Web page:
Wednesday, September 2, 2009

Original Haiku on Picture I Didn't Take

I worked really hard on this.  I googled the image and everything.  It's a poor substitute for the yarn I planned to spin, but since my audience is limited to a grand total of two people, and you've both heard the story, I didn't see any need to post it yet.

Tuesday, September 1, 2009

Fun with Picnik

My sister, who's blog is filled with wonderful stories and great photography (which can be found at, introduced me to and I admit it's loads of fun.  Peppy and I created the masterpiece above just by goofing around.  It helps someone like me who's not very talented take some dinky shots and make them look less shabby.  It also gives me a chance to be random when it won't get me into trouble.  Like this little picture of our poodle's seldom seen eye.
Usually his Fro is covering his peeper.  I also decided to doodle a crown on our mutt.  As you can see, I've found a nice tool for expressing my "unique" style. 
I think tomorrow, since I've almost completely recovered from my stomach virus, that Peppy shared like it was an mp3, I'll tell you the legend of Mommy Bear.  It's a story of mystery, intrigue, suspense, and will make you sob with it's sappy sweetness.
Actually, it just might make you a little misty-eyed, but I'm trying to create some excitement.  We all need a little excitement.

Sunday, August 30, 2009

Face of Death

I took this photo one night of the cat using my cell phone. When I saw it, I thought to myself that it looks like something that could be the inspiration for the next big thing in horror movies. It's scary and unearthly. It's what I might see before I take my last breath. I don't know why I felt like blogging about this, but it just seemed like just the type of randomness that people have come to expect from me.

Also, I just like to humiliate the cat.

Saturday, August 29, 2009

A tale of two hands

Normally that deathly pale hand in the picture is busy on the weekends, along with it's equally dealthy pale partner. Those pasty hands cook meals, do laundry, pour sodas, start baths, and in general take care of the kid that belongs to the beautiful golden brown hand. However, this weekend those roles have been somewhat reversed and that sweet brown hand and it's partner have been the busy ones. Those brown hands have started their own shower, cooked their own meals, let out the dogs, let them back in, fed the cat, and fetched warmer pj's for a very sick mommy. The size of those hands indicate that they belong to a growing boy. What isn't obvious in that picture is that those hands are strong, caring, delicate when needed, animated, and independent of the pale one attached to it. I remember when that brown hand was so small it could only grip one of my fingers and today that hand nearly covers mine. I pray that hand will find the hand of that one true love that fits just right. I hope that one day that hand will grasp the tiny hand of baby and know the love a father has for it's child. I hope that hand works hard and is rewarded. I hope it give many pats on the back and friendly waves. I hope it gives a reassuring squeeze to someone in doubt and a lift up to someone in need. For today, I'm thankful that hand has been so helpful and that it belongs to my sweet boy.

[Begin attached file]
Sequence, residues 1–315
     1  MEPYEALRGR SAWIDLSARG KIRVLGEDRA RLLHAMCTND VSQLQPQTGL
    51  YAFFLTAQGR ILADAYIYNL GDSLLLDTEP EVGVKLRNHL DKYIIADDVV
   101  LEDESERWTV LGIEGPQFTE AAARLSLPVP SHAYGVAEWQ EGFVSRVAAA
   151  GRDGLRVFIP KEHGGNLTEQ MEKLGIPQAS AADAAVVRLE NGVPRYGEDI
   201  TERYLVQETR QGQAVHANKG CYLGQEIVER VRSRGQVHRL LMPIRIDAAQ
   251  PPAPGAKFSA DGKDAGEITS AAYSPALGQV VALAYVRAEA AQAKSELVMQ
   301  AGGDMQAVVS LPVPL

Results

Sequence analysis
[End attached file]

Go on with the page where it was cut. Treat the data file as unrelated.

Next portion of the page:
Thursday, August 27, 2009

I don't know what they are, but I'll take 5 of them.